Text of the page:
• Everhart, Greenlee, Winter, and Fiese (2018) discovered that asthma in children correlates with the quality of life;
  • Ding, Wathen, Altaye, and Mersha (2018) determined a link between African ancestry and asthma;
  • Emotionally sensitive information was important in asthma education (Archibald, Hartling, Ali, Caine, & Scott, 2018).
  • The mentioned findings are essential for the project.

Evidence Integrated with Clinical Expertise and Patient Preferences

  • Evidence found will be translated into 30-minute teaching sessions;
  • Results will be compared with a traditional approach to treating asthma in children – medications;
  • Lack of awareness of their own condition prevents children from proper treatment;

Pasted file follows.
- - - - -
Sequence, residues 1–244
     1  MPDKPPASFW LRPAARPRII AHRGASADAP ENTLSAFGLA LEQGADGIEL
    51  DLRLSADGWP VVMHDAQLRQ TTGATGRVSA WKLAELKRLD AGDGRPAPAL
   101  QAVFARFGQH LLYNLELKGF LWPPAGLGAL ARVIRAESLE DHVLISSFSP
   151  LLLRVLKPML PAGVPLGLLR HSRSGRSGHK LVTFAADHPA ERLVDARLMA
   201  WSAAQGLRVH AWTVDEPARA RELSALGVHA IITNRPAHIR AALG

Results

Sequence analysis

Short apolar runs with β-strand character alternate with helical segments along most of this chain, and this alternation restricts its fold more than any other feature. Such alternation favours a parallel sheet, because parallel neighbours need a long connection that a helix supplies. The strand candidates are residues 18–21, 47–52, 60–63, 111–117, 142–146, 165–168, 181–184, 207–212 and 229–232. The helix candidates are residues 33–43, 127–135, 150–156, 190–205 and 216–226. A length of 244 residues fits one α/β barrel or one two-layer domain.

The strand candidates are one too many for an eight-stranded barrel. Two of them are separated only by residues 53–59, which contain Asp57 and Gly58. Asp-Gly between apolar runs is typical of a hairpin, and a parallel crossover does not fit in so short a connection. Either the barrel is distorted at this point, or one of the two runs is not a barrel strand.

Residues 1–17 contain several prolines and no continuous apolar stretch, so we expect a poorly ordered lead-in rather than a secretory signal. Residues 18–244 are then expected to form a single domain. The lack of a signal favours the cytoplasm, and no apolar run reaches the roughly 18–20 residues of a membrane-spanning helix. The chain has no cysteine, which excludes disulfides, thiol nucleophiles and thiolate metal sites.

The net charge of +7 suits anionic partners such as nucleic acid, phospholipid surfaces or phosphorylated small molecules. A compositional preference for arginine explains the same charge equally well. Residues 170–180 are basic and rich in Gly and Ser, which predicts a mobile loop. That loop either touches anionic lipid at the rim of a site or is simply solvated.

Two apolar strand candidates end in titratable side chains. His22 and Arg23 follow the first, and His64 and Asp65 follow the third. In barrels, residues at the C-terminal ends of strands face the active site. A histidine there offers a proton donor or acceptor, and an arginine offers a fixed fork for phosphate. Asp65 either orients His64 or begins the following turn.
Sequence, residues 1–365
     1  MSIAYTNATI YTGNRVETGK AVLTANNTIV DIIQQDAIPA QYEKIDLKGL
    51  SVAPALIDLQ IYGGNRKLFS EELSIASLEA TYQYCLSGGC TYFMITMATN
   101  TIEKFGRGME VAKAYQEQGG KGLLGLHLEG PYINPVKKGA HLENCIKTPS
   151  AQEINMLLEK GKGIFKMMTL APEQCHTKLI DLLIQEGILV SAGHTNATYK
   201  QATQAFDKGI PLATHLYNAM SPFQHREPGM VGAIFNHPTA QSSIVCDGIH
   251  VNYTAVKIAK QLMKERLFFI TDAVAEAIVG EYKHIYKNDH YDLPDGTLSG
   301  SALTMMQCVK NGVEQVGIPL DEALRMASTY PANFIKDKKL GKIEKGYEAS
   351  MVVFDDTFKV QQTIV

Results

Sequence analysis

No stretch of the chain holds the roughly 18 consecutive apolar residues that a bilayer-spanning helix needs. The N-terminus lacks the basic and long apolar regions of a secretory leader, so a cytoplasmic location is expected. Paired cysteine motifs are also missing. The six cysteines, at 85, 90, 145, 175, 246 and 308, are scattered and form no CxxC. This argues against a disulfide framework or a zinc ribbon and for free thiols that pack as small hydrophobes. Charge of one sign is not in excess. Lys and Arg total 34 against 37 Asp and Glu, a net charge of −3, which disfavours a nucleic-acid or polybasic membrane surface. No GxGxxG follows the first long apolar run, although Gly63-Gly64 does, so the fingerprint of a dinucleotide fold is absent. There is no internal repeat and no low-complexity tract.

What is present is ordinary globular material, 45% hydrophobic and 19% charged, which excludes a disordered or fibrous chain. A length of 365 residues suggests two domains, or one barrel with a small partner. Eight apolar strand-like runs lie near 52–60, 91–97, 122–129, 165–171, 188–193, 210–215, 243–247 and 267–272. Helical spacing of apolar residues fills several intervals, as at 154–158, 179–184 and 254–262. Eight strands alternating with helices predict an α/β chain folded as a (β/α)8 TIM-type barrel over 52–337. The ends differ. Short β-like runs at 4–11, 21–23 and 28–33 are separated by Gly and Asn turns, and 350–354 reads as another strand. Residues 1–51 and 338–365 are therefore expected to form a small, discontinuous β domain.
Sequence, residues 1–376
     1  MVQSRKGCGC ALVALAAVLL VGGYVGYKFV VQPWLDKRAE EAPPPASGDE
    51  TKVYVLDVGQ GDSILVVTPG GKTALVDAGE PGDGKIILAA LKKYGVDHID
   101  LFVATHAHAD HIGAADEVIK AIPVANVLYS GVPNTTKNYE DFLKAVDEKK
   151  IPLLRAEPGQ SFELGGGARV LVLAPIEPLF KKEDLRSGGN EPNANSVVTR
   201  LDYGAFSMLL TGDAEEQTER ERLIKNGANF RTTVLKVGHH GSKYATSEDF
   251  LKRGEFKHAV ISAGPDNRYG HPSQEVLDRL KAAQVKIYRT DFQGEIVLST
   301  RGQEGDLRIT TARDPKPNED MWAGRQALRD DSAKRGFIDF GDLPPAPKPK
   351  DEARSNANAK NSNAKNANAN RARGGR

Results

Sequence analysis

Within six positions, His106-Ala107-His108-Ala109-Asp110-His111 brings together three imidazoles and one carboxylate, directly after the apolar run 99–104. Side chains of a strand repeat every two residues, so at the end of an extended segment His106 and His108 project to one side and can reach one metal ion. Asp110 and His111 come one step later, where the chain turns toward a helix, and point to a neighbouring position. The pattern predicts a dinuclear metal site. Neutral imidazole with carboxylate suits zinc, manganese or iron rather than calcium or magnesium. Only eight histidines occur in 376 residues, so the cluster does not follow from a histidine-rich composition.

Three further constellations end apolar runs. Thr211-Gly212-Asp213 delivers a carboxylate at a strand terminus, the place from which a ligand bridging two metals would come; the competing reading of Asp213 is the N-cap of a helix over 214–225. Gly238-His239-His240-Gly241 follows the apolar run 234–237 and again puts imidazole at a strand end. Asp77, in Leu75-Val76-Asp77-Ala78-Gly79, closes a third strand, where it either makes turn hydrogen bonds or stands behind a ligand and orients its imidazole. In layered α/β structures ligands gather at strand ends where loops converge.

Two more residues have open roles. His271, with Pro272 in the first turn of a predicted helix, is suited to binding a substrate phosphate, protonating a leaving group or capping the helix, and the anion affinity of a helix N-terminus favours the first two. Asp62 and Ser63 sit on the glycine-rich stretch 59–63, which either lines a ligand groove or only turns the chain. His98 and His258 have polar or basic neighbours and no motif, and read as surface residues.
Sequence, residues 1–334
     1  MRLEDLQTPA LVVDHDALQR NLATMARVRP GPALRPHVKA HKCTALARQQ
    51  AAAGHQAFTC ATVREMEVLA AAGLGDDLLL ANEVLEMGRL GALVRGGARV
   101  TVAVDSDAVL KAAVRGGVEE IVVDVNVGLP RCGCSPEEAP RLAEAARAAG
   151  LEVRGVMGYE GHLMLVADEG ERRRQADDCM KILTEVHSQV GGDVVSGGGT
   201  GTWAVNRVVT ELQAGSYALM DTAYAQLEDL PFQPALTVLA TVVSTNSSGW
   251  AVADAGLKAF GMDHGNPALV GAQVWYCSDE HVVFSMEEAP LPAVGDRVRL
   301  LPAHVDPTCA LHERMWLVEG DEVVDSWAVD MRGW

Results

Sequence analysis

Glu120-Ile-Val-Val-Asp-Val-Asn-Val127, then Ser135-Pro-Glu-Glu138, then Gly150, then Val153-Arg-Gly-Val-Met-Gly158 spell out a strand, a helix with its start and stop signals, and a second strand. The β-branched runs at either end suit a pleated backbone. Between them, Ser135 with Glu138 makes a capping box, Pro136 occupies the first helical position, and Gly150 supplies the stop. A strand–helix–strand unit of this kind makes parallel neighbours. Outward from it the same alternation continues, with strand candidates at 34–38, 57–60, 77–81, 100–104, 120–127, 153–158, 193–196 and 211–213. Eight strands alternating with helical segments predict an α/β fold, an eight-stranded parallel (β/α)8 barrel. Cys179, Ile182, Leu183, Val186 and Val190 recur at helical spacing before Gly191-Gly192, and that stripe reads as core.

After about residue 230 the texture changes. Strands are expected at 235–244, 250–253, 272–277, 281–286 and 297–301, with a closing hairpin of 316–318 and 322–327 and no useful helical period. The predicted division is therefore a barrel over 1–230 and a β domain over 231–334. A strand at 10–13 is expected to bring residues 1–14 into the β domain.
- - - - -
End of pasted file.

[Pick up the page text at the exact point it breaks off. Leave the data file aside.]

• It is better to combine medication therapy with patient education;
  • Collaboration of children’s parents and their healthcare providers is required;
  • A nurse should have knowledge of pharmacology, child psychology, and cultural competence to provide education.

The outcome of Practice Change Evaluated

  • 20 children completed a series of 30-minute lessons;
  • Improved self-efficacy was reported by their parents;
  • Increased awareness of taking medication was noted;
  • The short timeframe for the identified intervention was effective;
  • Other pediatric patients with asthma may also receive educational sessions;
  • Expectations regarding the overall benefit of education were proved.

Project Outcomes Disseminated

  • The educational setting was used;
  • Managing asthma implemented in this project was considered useful;
  • It was recognized as relevant for using in children with other chronic conditions as well;
  • Parents and caretakers also received the findings of the project;
  • They were encouraged to share information with friends;